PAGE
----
Small projects from large companies can be lucrative. That’s what William Volk found out after he joined a start-up called MyNuMo LLC, a company that produces games for smart phones. In 2008, he reached out to a venture capital firm that had invested in a company where Mr. Volk had previously worked. “I thought for sure we would get it because I had a track record,” says Mr. Volk. But he wound up losing to a competitor seeking capital from the same firm.

Given his background in programming, an undeterred Mr. Volk contacted several companies to see if they’d be interested in a custom smart-phone program. “We were using those smaller projects to keep us going,” he said. The projects financed the research and development for MyNuMo’s game applications, which are now available online and as mobile-phone applications.

Revenue is expected to hit $1.5 million this year. “We managed to create a higher number of titles than our well-funded competitors,” Mr. Volk says.

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Investors are hip to “Startup lies” Oct 13, 2009 When marketing their start-ups, entrepreneurs will naturally seek to put their companies in the best possible light. Investors are a cynical lot, however, and there are a number of “red flags” which every potential investor unconsciously listens for in elevator pitches, business plans, and executive presentations, notes Martin Zwilling, CEO and founder of Startup Professionals, Inc., and managing partner of Southwest Software Ventures and Consulting. He offers a list of ‘Ten Start-up Lies,’ “not to impugn the honesty and integrity of entrepreneurs, but maybe to curb your natural over-enthusiasm that might detract from your impact.”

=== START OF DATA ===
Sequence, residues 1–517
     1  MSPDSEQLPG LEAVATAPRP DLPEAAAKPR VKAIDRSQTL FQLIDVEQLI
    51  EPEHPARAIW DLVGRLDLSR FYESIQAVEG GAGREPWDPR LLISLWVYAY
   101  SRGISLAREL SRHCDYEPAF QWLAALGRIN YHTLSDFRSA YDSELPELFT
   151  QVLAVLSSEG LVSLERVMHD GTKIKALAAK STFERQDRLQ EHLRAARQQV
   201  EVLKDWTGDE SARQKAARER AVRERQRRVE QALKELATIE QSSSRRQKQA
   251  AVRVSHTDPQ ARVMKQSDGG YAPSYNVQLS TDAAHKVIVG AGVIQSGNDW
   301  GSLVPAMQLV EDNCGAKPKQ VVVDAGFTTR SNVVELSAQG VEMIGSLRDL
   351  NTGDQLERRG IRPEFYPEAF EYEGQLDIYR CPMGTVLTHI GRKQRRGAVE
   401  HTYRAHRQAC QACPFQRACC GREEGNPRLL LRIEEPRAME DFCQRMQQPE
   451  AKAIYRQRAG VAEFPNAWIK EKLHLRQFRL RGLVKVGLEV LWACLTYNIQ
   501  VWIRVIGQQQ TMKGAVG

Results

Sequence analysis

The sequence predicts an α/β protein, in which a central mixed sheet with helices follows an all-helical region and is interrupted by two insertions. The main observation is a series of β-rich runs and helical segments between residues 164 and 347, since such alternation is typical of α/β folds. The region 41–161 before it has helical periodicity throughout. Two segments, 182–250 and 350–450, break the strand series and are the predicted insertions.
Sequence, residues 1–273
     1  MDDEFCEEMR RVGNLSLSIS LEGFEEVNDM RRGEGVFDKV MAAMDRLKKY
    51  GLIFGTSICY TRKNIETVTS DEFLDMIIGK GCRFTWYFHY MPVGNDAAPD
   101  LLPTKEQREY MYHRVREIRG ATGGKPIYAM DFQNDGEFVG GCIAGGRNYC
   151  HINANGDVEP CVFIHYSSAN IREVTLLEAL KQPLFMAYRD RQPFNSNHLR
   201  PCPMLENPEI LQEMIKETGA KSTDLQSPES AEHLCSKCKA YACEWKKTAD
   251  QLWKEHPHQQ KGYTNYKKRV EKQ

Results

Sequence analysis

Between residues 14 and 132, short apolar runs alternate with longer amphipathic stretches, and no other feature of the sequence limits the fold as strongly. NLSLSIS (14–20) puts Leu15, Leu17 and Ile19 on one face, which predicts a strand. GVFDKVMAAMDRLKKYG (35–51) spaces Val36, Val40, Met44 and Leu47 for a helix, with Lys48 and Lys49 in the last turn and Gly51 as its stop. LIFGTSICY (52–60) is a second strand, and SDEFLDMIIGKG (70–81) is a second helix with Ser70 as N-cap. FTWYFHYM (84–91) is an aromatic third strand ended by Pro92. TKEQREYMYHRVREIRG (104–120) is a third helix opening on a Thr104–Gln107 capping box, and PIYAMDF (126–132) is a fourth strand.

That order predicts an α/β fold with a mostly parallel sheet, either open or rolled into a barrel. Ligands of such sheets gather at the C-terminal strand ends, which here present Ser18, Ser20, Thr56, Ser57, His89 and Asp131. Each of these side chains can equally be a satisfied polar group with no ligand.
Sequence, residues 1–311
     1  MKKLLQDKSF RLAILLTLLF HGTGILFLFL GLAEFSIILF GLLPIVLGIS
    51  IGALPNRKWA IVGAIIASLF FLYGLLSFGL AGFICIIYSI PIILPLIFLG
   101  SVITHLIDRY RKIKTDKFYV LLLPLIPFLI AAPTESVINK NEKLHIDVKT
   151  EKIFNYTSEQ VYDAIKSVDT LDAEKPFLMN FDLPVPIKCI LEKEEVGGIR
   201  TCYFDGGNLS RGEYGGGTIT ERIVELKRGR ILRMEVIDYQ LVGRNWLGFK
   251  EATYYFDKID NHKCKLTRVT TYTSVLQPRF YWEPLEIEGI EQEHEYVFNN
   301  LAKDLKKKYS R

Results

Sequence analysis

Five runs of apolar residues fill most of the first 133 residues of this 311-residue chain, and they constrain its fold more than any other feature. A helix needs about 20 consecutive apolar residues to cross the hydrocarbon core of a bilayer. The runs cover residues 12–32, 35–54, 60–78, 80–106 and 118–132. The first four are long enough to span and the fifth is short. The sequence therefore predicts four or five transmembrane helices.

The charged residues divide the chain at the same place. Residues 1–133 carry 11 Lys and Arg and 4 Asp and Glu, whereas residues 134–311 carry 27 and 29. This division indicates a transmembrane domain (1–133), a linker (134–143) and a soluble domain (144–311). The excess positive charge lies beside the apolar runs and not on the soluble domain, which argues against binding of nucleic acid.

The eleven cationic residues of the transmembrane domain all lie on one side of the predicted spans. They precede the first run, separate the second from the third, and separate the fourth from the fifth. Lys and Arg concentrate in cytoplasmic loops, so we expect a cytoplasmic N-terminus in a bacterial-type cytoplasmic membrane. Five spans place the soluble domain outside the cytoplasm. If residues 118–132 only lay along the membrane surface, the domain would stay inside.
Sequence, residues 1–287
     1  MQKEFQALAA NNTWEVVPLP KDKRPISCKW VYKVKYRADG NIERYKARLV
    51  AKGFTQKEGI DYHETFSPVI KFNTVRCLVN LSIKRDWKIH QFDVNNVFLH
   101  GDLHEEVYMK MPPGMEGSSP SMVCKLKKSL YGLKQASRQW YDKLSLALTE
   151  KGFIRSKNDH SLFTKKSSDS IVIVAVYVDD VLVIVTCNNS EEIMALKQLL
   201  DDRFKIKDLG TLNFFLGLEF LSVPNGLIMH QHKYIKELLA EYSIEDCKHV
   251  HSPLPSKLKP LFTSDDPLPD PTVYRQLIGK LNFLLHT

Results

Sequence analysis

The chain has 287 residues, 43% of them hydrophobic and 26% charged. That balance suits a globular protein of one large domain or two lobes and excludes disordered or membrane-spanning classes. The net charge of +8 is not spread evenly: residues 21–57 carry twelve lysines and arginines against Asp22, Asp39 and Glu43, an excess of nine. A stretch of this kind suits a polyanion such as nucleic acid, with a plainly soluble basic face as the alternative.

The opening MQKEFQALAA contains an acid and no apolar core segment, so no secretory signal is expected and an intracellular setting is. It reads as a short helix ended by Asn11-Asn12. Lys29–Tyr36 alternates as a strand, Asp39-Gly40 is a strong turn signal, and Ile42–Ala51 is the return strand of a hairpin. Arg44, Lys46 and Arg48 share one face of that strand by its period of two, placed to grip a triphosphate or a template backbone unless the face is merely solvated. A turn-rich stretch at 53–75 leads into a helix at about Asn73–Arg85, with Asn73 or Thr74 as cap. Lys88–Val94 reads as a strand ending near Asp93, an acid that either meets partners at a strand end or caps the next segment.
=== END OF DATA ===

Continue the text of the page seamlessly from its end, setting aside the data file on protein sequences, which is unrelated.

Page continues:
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Terms like Facebook, Twitter, wikis and blogs are a recent addition to mainstream vocabulary. And now it seems like everyone is fluent in the language of social media – including your prospects and customers.

This eBook explores how organizations can connect and nurture relationships with prospects and customers by effectively leveraging social media and real-time collaboration tools.

Download the eBook to learn:

What the popular social media can do for your business
Best practices for building relationships with social media, from Twitter to YouTube and more
How to leverage the powerful synergy between social media and Webinars
And more…